Wednesday, 16 December 2009

Oh My God, It’s Nearly Christmas!

I have been consumed with the anticipation of finishing radiotherapy treatment today and then jetting off to the sunshine. I depart from Heathrow on Christmas Eve and arrive in Sydney on Boxing Day. Thus Christmas Day, for me, has been vaporised.

But not for you... I receive an email from Eleanor asking what she might give her breast cancer afflicted friend for Christmas.

Here are my top tips.

If your friend is having or is about to have chemotherapy she will probably lose her hair. A soft cotton or silk sleeping cap is a necessity both for catching falling hairs and for keeping her bald little head warm in the cold winter nights. Similarly, a cotton beanie is great for wearing around the house. If it’s freezing outside, she can don a cashmere hat over the top of the beanie.

Just because your friend has cancer doesn’t mean she can’t be drop-dead glamorous. Get her a velvet turban for topping off dramatic evening looks. If you want to splash out, an Hermès scarf is a gift that will be fabulous for a lifetime and then be handed down to her daughter.

Cancer treatments can be very drying to the skin. Here are three products that she will thank you for: Spiezia organic rose and vanilla face oil; enriched hand cream by Absolute Organics and organic foot softening balm by Saaf. I found myself keeping tubes of lip balm everywhere that I went - in my handbag, in the car and by the bed. Burt’s Bees do a three-pack of their lovely beeswax balms.

Your friend will be spending a lot of time lying on the couch. A pair of cashmere socks or a luxurious cashmere throw will make her feel more like a reclining princess that a languishing invalid. A subscription to Lovefilm is like giving a present every week.

There’s not much that you can do about the fact that everything she eats will taste revolting. But even at my most ill I could always manage to force down a bar of Green & Black’s Mint Chocolate. Alternatively, if your friend is of the 'all sugar is poisonous' camp then Sanchi Furikake Japanese Seasoning and Clearspring Ume Plum Seasoning are a couple of condiments that will lively up her brown rice.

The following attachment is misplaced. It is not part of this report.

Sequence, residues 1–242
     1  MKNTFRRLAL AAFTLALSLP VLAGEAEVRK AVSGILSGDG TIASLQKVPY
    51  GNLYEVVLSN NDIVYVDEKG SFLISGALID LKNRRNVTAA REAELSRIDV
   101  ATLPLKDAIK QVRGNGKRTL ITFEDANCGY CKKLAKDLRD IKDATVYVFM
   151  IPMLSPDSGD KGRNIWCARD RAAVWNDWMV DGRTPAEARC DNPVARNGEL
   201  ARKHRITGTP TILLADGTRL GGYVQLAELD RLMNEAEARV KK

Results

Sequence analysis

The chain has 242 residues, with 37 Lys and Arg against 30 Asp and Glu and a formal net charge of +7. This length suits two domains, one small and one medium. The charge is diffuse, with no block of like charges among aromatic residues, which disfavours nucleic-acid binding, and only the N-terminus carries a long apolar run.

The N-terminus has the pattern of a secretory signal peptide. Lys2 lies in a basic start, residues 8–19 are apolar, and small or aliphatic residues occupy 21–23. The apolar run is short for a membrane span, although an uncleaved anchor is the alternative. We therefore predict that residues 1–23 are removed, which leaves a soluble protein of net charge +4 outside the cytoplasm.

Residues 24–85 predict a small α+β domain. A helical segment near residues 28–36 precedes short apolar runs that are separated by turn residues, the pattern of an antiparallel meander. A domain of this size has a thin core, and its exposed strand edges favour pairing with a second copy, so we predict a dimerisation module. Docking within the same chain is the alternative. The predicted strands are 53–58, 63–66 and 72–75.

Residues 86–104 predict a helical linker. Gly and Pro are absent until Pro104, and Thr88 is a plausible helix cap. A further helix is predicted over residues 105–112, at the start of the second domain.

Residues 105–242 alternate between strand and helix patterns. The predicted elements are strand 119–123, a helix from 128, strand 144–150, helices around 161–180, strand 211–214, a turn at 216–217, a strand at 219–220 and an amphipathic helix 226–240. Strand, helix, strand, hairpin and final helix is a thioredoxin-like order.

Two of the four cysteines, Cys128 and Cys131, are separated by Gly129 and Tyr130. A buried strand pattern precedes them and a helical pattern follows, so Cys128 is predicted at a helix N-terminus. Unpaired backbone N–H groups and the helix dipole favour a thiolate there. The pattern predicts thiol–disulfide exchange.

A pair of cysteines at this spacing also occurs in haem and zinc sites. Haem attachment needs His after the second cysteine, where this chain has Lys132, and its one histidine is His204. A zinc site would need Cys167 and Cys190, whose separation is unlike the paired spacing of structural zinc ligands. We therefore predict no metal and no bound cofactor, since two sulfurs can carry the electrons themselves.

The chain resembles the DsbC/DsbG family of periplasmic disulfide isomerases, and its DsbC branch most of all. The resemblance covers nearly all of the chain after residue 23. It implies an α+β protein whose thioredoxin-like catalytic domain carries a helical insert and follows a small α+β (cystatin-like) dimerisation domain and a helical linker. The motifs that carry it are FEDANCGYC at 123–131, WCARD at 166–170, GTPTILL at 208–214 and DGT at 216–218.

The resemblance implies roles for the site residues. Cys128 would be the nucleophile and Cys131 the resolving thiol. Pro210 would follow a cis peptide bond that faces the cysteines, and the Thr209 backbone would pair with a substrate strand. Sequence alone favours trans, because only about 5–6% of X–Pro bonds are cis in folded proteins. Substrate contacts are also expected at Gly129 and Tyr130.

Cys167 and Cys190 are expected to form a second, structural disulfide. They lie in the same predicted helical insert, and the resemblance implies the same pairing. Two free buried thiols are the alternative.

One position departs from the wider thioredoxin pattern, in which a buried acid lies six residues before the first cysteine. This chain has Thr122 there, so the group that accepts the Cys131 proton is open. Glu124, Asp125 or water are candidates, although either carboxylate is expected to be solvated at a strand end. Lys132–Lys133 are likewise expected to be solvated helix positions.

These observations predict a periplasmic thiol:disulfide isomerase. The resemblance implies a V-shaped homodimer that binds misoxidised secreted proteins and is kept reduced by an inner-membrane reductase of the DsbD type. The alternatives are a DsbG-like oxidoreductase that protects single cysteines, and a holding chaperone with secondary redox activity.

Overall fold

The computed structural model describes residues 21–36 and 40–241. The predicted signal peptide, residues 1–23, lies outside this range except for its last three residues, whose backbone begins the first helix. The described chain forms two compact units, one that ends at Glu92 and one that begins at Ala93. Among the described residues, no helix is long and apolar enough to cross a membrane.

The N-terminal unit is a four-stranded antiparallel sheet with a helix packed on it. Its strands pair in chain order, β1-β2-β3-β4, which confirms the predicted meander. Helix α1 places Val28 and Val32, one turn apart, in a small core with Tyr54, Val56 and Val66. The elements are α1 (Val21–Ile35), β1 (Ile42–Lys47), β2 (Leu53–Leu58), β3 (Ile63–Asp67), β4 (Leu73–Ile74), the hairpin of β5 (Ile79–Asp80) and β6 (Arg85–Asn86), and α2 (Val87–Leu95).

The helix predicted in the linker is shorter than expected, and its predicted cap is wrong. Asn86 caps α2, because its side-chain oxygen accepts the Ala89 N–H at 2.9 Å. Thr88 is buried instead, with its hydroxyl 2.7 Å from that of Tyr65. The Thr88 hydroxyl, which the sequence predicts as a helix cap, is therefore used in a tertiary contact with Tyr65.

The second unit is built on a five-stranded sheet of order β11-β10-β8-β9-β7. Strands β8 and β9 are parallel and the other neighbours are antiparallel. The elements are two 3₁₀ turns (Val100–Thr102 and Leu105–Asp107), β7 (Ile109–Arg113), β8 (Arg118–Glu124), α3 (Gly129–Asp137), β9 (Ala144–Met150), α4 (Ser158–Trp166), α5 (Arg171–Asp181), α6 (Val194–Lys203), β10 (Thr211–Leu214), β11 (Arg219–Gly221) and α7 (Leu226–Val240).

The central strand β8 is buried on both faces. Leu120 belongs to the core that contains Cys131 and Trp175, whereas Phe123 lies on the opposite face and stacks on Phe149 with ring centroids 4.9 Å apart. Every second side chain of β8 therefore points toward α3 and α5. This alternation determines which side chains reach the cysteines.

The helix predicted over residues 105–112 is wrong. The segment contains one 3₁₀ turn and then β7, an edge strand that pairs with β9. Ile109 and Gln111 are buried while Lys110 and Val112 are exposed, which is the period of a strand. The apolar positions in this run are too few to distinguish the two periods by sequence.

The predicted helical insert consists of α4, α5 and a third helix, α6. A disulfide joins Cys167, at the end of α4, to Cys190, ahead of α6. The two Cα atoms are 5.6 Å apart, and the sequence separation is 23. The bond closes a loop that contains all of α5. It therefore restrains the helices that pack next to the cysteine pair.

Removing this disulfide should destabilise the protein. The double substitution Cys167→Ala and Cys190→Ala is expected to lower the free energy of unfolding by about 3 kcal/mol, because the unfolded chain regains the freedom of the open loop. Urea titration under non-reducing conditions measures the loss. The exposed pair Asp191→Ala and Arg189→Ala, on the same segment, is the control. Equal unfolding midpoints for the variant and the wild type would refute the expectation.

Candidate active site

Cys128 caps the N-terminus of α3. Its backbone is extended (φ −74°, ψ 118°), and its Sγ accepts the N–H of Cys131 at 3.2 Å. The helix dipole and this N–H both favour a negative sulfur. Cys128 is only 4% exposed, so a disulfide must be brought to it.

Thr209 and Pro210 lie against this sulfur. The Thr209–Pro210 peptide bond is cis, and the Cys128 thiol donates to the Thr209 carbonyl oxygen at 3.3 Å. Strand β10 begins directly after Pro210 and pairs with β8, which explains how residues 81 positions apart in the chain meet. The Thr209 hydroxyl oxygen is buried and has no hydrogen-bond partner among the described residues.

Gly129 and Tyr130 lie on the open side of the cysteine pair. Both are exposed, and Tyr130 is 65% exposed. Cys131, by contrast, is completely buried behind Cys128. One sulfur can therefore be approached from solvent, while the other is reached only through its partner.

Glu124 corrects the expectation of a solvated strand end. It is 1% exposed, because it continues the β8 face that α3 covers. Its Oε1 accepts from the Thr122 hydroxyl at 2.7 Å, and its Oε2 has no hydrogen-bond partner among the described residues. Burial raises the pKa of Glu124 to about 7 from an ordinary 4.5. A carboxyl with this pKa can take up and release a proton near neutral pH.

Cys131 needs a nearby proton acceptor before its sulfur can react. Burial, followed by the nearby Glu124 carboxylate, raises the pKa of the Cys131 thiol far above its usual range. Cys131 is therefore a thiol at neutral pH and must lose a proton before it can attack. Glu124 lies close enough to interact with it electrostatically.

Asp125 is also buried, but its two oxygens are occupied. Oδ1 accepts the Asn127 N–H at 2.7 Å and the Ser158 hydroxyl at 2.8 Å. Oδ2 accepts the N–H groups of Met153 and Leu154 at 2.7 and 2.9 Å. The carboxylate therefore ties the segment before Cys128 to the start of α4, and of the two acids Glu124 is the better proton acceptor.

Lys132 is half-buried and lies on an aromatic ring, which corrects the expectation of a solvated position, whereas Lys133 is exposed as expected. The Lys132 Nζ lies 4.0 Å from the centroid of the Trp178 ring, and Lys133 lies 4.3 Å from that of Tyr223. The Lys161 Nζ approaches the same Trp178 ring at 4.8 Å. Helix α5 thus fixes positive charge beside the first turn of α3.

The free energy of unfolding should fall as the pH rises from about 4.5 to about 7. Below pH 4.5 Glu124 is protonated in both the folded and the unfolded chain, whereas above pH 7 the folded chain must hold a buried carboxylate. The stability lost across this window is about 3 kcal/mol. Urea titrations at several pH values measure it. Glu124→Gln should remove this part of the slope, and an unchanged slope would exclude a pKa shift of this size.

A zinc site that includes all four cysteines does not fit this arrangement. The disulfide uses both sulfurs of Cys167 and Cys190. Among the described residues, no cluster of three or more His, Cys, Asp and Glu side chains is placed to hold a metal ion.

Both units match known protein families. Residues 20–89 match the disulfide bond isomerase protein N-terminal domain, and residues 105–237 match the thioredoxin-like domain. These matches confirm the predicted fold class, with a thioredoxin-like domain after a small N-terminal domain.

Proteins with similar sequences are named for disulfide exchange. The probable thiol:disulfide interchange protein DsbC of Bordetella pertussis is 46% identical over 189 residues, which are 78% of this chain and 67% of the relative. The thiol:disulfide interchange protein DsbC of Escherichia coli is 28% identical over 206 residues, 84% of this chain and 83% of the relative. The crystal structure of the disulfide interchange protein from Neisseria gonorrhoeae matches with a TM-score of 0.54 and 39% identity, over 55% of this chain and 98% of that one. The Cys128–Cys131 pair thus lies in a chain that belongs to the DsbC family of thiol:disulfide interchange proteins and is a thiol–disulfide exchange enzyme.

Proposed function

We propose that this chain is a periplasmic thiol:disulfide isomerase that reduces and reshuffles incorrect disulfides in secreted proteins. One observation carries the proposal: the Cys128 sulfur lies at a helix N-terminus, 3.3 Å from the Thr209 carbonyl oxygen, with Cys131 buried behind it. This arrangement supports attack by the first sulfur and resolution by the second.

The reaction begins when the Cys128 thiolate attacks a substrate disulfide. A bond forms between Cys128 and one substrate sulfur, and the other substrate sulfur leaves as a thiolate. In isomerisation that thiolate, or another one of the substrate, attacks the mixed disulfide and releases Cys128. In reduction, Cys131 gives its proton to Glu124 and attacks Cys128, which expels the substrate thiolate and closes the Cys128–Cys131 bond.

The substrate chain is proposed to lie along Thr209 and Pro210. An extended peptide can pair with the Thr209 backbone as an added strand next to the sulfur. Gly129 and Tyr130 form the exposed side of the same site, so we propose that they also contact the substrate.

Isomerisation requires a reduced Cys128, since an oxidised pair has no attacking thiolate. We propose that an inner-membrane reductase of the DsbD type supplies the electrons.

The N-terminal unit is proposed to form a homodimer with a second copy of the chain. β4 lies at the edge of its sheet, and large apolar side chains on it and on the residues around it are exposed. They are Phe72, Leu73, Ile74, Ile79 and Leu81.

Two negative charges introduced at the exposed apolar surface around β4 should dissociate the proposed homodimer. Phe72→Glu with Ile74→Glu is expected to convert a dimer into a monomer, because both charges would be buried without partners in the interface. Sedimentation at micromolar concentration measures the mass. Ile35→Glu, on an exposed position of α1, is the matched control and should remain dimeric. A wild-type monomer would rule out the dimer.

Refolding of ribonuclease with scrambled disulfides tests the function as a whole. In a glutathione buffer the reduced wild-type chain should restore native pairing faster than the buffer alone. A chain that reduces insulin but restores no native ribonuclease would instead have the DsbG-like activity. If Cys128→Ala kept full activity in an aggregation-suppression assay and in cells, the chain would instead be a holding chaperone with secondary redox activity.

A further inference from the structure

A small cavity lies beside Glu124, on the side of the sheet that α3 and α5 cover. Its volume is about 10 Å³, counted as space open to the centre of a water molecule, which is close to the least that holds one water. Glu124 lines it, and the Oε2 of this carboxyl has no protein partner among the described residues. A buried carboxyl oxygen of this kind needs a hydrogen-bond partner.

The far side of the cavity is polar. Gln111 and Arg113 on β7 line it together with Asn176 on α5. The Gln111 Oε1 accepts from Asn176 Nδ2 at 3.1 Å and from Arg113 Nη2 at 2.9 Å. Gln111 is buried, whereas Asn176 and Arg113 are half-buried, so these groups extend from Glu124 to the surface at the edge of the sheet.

What with feeling sick all the time and the thought of food being enough to turn one's stomach there are few pleasures left in life. Things that smell nice will give her a lift. Either a divine scented candle or a bottle of gorgeous Weleda bath milk is a sensory treat.

Reading trolley loads of cancer memoirs, cancer cures and cancer diets can be overwhelming, not to mention tedious. If your friend is the kind of person who likes to help herself there is one book that I would recommend: Your Life in Your Hands by Professor Jane Plant.

When your friend finally does haul her backside off the sofa, encourage her to go out dancing. To distract from the fact that she is bald a really bright lipstick and a pair of drop-dead chandelier earrings are in order.

If you're feeling super-indulgent, here are the most outstanding anti-cancer gifts that I have received. First, a Champion Juice Extractor (thank you Flossie). With this you friend will have life-giving, energising juice of the highest quality every day to keep her going. Add in a weekly organic fruit and veg box for good measure. And an aeroplane ticket (thank you Mr P), dated for two weeks after the end of her treatment will give her something to look forward to throughout her darkest days.

Finally, the best gift you can give is your friendship at a lonely and frightening time in her life. Make a commitment to visit once a week. Whilst you’re there make her a cup of anti-nausea ginger tea, cook her dinner, water the plants and take out the rubbish.


Anonymous said...

Thank you so much again for your kind reply and this wonderful post!